CONCESSIONED in April 1999, Cameroon operator Camrail returned a profit in its first year. Major participant in Camrail is the Comazar consortium with a 72·1% interest; Comazar is 31·6% owned by South Africa’s Transnet, 30·72% by the South African Infrastructure Fund, 20·4% by the transport group Bollore, and 12·8% by Commonwealth Development Corp.
The company has concentrated on upgrading the metre gauge infrastructure, which remains in state ownership, and has laid 56 kg/m continuous welded rail on the 263 km main line between the capital Yaoundé and the largest city, Douala.
Freight services continue to Belabo, 339 km north of Yaoundé, from where the line runs a further 328 km to Ngaoundere. Poor trackwork, on average 30 years old, still characterises these sections, as well as the 423 km line west of Yaoundé to Kumba and Nkongsamba. Renewal using 56 kg/m rail has begun on the first 40 km, with assistance from the German Development Bank.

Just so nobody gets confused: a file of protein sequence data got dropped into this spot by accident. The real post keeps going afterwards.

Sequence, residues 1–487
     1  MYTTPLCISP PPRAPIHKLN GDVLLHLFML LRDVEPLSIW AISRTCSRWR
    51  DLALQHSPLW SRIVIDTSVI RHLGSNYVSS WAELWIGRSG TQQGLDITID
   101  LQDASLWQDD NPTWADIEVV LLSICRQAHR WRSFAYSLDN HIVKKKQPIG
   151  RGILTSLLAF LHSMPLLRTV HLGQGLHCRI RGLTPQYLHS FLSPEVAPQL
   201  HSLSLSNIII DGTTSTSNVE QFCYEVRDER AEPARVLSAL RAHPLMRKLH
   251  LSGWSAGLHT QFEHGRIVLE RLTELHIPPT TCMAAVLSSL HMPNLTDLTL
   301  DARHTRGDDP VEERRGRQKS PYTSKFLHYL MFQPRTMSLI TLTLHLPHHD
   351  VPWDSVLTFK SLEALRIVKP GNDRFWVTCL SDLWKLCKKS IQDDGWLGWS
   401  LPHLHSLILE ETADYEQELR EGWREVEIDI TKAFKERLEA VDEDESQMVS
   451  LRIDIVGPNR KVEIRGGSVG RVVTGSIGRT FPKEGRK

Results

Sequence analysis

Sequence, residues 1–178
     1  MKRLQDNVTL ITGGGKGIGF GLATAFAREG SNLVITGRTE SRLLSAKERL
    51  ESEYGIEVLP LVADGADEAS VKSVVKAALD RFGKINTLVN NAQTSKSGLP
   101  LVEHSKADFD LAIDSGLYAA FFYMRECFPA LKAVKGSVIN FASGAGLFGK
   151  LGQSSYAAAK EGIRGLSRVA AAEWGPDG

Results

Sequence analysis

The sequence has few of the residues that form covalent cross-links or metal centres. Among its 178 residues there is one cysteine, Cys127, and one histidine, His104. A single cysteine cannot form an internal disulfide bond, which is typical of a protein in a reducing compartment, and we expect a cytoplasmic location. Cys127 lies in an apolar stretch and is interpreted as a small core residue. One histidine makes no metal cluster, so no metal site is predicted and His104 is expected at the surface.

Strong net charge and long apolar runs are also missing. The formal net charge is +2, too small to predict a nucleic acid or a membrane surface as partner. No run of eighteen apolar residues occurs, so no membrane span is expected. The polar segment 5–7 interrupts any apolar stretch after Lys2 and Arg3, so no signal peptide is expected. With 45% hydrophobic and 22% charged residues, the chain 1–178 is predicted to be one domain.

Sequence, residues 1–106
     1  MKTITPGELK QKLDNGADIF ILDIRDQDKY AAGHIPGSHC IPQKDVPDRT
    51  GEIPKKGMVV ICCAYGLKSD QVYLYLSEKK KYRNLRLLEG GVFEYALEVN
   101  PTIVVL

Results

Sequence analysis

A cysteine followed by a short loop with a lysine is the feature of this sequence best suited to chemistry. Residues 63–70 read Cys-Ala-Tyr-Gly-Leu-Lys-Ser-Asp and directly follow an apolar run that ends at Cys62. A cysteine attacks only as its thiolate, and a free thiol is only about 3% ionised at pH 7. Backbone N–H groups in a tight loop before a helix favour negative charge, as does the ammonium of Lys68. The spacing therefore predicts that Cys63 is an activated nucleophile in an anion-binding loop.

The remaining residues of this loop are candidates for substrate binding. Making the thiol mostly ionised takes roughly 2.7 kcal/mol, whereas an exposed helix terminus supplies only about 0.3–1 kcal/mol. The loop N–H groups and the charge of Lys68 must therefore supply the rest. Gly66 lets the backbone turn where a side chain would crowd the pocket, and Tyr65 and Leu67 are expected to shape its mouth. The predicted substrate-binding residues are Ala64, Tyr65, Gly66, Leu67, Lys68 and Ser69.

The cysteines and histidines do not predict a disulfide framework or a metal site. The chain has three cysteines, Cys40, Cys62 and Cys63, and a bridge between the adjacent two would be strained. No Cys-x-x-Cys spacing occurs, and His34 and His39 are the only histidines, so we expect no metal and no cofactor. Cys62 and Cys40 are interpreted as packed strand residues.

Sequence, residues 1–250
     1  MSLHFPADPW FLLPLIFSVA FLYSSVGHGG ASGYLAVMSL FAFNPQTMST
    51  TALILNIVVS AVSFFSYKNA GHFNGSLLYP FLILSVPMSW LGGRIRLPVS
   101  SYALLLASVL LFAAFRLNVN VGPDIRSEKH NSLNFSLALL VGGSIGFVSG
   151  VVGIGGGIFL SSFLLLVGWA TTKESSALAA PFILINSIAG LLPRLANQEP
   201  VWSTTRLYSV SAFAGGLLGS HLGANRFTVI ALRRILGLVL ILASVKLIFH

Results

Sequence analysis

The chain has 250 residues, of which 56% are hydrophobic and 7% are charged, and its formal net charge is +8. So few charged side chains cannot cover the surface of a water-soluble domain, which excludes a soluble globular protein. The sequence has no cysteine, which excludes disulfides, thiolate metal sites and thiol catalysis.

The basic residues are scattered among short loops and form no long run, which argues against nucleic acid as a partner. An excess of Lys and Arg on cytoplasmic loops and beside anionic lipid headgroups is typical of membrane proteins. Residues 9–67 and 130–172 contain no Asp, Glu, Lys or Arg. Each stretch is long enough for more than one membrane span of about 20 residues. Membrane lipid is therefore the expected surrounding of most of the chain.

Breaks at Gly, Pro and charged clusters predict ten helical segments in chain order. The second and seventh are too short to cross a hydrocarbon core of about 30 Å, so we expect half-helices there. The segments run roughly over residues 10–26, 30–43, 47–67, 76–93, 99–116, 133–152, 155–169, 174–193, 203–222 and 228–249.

Replacement of around half a million sleepers is high on the agenda, with work proceeding at a rate of about 14000 a month. Priority is being given to freight, which accounts for nearly 90% of Camrail’s business, but the company’s 76 passenger coaches are put to good use. A responsible safety department has been created, its aims assisted by radio communication with trains using a modern 60-channel digital network, and colourlight signalling at major stations. It is intended to fit all locomotives with GPS transponders.
Following installation of weighbridges on the road north of Douala, a considerable amount of timber traffic has transferred to rail. Around 145000 tonnes of freight are being moved monthly, compared with 100000 tonnes at takeover. Camrail Managing Director Patrick Claes is aiming at 2 million tonnes a year, of which timber would comprise almost 40%.